I want to lose weight. I want to be healthier. I want to get in shape. As Orchard Cove’s Vitality 360 Coach, I often hear these goals, especially as the New Year approaches. And while made with positive intentions, they are sometimes flawed in their vagueness.
In several of our evidence-based programs at Hebrew SeniorLife, we use a goal planning system known as SMART, meaning that goals should be specific, measurable, achievable, realistic, and time specific.
For example, consider the popular goal of “I want to get fit” versus “I want to be able to run a mile.” The mile goal is specific enough to be measured. It’s also not as overwhelming as trying to run a half-marathon, making it achievable. You can consider your running history and see if it is realistic. It is also a goal that can be built up to over time if you create a well-designed plan tailored to your individual fitness level.
The New Year is a time for renewal and positive changes, but it can also be a trap for disappointment. Goals usually reflect significant behavioral changes that take time to achieve – not just a few weeks after the first of the year.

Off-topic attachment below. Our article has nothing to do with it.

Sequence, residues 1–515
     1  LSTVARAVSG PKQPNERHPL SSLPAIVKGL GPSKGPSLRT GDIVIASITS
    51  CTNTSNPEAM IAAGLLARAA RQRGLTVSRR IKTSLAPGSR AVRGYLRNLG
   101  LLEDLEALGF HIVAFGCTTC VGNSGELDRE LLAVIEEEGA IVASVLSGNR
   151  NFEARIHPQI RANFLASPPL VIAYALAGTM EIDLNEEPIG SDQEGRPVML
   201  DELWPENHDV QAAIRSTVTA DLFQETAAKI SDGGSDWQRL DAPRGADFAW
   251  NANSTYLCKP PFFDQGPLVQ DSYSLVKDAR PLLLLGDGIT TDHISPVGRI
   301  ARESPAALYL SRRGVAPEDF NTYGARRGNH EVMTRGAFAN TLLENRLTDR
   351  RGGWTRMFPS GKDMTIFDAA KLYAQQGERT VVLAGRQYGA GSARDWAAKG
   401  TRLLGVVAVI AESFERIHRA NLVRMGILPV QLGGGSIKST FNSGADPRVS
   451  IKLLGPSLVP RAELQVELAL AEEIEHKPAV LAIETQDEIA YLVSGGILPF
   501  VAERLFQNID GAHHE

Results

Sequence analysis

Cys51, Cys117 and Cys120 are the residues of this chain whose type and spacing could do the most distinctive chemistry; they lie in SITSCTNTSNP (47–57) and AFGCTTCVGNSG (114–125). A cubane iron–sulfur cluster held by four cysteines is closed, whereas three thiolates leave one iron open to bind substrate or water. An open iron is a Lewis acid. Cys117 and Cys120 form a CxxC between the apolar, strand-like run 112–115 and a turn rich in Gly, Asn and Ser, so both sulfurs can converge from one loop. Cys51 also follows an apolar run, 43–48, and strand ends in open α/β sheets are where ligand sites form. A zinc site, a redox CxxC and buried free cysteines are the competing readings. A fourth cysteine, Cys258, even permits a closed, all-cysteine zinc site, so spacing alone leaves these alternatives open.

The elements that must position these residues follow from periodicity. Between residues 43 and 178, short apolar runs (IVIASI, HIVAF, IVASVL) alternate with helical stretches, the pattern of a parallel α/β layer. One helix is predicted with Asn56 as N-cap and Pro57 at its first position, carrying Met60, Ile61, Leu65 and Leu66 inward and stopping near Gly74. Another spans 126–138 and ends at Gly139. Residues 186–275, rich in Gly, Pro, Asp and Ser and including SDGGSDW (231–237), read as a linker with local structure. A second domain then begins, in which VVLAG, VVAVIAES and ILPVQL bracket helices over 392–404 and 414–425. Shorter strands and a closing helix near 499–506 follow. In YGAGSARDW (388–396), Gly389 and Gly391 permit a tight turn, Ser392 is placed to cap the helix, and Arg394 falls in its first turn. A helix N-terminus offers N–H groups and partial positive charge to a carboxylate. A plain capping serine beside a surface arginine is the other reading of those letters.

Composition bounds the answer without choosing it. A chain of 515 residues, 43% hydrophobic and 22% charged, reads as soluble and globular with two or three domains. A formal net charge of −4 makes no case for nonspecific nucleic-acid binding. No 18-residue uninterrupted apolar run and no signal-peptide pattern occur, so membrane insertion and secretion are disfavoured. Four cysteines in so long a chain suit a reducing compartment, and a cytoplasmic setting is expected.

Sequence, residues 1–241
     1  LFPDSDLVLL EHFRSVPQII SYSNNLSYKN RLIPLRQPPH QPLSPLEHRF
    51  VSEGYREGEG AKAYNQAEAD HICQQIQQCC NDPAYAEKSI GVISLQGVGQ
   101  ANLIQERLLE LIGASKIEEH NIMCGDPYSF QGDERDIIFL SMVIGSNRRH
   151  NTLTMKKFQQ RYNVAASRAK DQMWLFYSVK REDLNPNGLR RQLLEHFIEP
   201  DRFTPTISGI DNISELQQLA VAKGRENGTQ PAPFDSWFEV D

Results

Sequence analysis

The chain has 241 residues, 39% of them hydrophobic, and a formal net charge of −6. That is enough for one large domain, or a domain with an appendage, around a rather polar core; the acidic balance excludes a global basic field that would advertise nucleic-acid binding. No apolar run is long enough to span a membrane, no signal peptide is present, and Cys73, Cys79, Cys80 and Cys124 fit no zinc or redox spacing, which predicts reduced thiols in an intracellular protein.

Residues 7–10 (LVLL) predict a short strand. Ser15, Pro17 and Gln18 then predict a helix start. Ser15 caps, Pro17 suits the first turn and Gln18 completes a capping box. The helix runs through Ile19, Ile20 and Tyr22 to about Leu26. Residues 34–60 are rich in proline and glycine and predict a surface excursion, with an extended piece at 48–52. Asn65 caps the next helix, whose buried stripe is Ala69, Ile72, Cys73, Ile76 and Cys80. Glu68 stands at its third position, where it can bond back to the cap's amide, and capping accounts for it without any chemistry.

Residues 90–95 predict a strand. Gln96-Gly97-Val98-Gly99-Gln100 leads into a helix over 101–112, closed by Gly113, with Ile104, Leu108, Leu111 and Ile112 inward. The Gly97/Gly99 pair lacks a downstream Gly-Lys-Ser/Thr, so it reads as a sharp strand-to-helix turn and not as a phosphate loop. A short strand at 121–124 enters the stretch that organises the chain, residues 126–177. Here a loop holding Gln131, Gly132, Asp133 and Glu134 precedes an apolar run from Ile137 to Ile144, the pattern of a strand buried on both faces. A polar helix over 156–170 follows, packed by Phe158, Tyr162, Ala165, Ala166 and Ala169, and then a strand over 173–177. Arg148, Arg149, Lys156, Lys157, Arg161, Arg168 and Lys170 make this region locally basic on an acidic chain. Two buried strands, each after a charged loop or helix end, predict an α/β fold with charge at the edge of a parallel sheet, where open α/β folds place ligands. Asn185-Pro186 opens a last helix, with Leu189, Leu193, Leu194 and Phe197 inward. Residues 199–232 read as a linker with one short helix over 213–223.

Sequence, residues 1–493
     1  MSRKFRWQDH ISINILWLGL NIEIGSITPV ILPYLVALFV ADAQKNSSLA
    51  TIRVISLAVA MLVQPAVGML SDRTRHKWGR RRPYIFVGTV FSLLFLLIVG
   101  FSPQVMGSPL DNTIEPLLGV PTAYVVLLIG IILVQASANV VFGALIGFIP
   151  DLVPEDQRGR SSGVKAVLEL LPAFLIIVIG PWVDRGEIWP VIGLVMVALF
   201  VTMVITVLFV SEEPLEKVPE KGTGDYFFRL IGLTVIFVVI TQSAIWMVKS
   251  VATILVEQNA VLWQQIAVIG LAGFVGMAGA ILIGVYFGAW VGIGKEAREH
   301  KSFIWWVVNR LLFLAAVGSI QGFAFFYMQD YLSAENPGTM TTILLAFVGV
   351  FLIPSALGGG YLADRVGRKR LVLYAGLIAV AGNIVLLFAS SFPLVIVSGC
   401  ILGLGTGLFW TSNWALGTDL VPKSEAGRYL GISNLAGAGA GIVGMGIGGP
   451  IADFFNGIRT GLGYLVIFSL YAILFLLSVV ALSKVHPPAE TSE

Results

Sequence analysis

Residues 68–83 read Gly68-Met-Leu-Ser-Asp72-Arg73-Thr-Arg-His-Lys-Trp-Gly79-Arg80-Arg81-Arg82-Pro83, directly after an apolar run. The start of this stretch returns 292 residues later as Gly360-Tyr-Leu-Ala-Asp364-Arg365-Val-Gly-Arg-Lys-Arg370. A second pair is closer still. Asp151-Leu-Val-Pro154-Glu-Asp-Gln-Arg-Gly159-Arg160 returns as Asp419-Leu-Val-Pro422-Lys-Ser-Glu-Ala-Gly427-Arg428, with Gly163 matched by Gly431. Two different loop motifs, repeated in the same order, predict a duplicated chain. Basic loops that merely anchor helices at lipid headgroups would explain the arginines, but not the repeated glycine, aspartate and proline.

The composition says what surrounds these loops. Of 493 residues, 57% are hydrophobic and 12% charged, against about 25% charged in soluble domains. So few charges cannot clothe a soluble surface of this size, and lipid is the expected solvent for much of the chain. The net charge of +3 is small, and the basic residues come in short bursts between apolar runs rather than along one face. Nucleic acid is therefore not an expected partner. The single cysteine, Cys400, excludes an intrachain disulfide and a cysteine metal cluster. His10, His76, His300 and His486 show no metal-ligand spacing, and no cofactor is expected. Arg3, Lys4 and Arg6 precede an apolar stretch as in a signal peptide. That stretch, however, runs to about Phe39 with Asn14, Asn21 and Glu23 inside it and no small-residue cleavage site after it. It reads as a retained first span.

With diet and exercise goals, I often witness an “all or nothing” mindset that can lead to disappointment. An example of a goal that’s doomed to failure is banning all sweets or carbohydrates entirely from your diet. This can be a drastic change that you aren’t ready for physically or mentally. Using the SMART approach, smaller, more specific goals like not eating bread with dinner or only having one sweet treat a day can be more realistic and achievable options.
It’s also important to remember that goals don’t have to be about taking something away from yourself. Perhaps your goal for the New Year is to research exercise activities for seniors and find one you love. Or maybe, you decide to invest more time into a long-lost hobby or put more effort into replenishing a relationship in your life. Don’t be afraid to start small to see the big results.